West Nile Virus in Horses

Kaela Schraer, DVM
By Kaela Schraer, DVM on Aug. 23, 2022
Horse with many flies on the eye

In This Article


What is West Nile Virus in Horses?

West Nile virus (WNV) is a virus that is transmitted by mosquitoes and can cause neurologic issues in horses and people.

This disease can impact horses of any age, breed, or lifestyle, since mosquitos can still reach horses even if they are kept in the barn 24/7. The horses that are most at risk for developing symptoms are those that are unvaccinated or very newly vaccinated.

WNV is not a nationally reportable disease, but your state’s regulations may be different. If you or your veterinarian suspects a possible WNV infection, check in with your state veterinarian to learn your local regulations.

Symptoms of West Nile Virus in Horses

Early signs of WNV include:

  • Fever

  • Decreased appetite

  • Decreased energy

If the disease continues to progress and the virus crosses the blood-brain barrier, a horse may start to show some of the following neurologic signs:

  • Muscle twitching

  • Disorientation

  • Circling

  • Weakness

  • Listlessness

  • Ataxia (incoordination/inability to fully control one or more limbs)

  • Hyperexcitability/hypersensitivity

  • Changes in mental state possibly including inappropriate aggression

Severe/end stage signs include:

  • Paralysis

  • Seizures

  • Coma

Many horses can recover completely from WNV with only supportive care. However, if the disease progresses to the more severe signs, it is almost always fatal.

Causes of West Nile Virus in Horses

WNV is transmitted to horses when a mosquito carrying the virus bites and takes its blood meal.

Birds are considered the reservoir host. This means that the virus lives in the bird population, and this is the primary place where mosquitoes pick up the virus to infect people and horses. Horses and people cannot give the virus to each other; not enough of the virus stays in the bloodstream of horses or people to be picked back up again by mosquitoes.

How Veterinarians Diagnose West Nile Virus in Horses

Diagnosis of WNV can be confirmed using several methods.

  • Antibody titers can be used. For these, it is often necessary to take two samples 2-4 weeks apart.

  •  If a more immediate answer is needed, CSF (cerebrospinal fluid) samples may be needed, especially in neurologic cases.

Treatment of West Nile Virus in Horses

There is no cure for WNV. Most treatment revolves around supportive care and anti-inflammatories to help decrease brain and spinal cord inflammation.

Supportive care usually involves fluid and nutritional support including intravenous (IV) fluid therapy to prevent the horse from becoming dehydrated. Common anti-inflammatories used are non-steroidal anti-inflammatory drugs (NSAIDs) such as phenylbutazone or banamine.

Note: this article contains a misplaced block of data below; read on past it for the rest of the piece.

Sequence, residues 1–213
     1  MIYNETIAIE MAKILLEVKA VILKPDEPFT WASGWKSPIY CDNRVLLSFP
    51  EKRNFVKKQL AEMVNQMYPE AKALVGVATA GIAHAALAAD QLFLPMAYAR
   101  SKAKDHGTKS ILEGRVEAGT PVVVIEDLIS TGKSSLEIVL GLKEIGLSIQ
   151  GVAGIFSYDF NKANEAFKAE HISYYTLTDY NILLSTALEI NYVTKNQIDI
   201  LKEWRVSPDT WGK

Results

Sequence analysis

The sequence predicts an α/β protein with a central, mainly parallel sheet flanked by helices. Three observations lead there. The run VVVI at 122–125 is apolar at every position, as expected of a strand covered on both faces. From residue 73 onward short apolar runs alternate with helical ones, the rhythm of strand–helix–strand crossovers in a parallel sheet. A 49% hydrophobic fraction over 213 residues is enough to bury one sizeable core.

In severe cases, the veterinarian may consider using steroids (dexamethasone and prednisolone) to address the inflammation. Severe neurologic cases may need additional support including sedation to help prevent the horse from injuring themselves if they are circling or disoriented. If the horse has become paralyzed or partially paralyzed, a sling may help to keep them standing.

Your veterinarian will recommend any additional treatments based on the clinical signs that your horse is showing.

Recovery and Management of West Nile Virus in Horses

Horses with WNV that only show mild symptoms usually recover with no long-term side effects of the disease. Horses with more severe forms and neurologic symptoms, can experience lasting side effects including:

  • Ataxia

  • Lameness

  • Behavioral changes

Exercise and lifestyle recommendations will differ depending on any long-term effects your horse may be experiencing. Some horses may return to their normal exercise regimen once fully recovered with no lasting concerns. However, if your horse is still uncoordinated, your veterinarian may recommend that riding is no longer safe or even that full pasture turnout is the best and safest option for the horse.

Prevention of West Nile Virus in Horses

Vaccination and mosquito control are the two primary methods of preventing WNV in horses. An initial 2 dose series is needed for all previously unvaccinated horses or horses with unknown vaccine histories. This is typically done in foals around 3-4 months of age. After the initial series, horses should be given a booster annually in the spring.

To help control mosquitos, remove any areas of standing water quickly. Fully empty and clean water buckets and troughs regularly.

West Nile Virus in Horses FAQs

Can horses recover from West Nile virus?

Yes, most horses can recover from WNV. In some cases, however, the disease is fatal or may have lasting, permanent, side effects.

How long does West Nile virus last in horses?

Depending on the severity of symptoms, the initial disease can last days to weeks or even months.

Is equine West Nile virus contagious?

WNV is not contagious between horses or between horses and people. Mosquitos can only pick up the virus from the reservoir host (birds) and give it to horses and people from there.


  1. Washington State University. West Nile Virus (WNV). WADDL.

  2. USDA. West Nile Virus Transmission Cycle. Animal and Plant Health Inspection Service.

  3. Centers for Disease Control and Prevention. West Nile Virus. Centers for Disease Control and Prevention. 2022.

Featured Image: iStock.com/anjajuli


Kaela Schraer, DVM


Kaela Schraer, DVM


Dr. Kaela Schraer graduated from Tufts Cummings School of Veterinary Medicine in 2017 with her doctorate in veterinary medicine. After...

Help us make PetMD better

Was this article helpful?

Get Instant Vet Help Via Chat or Video. Connect with a Vet. Chewy Health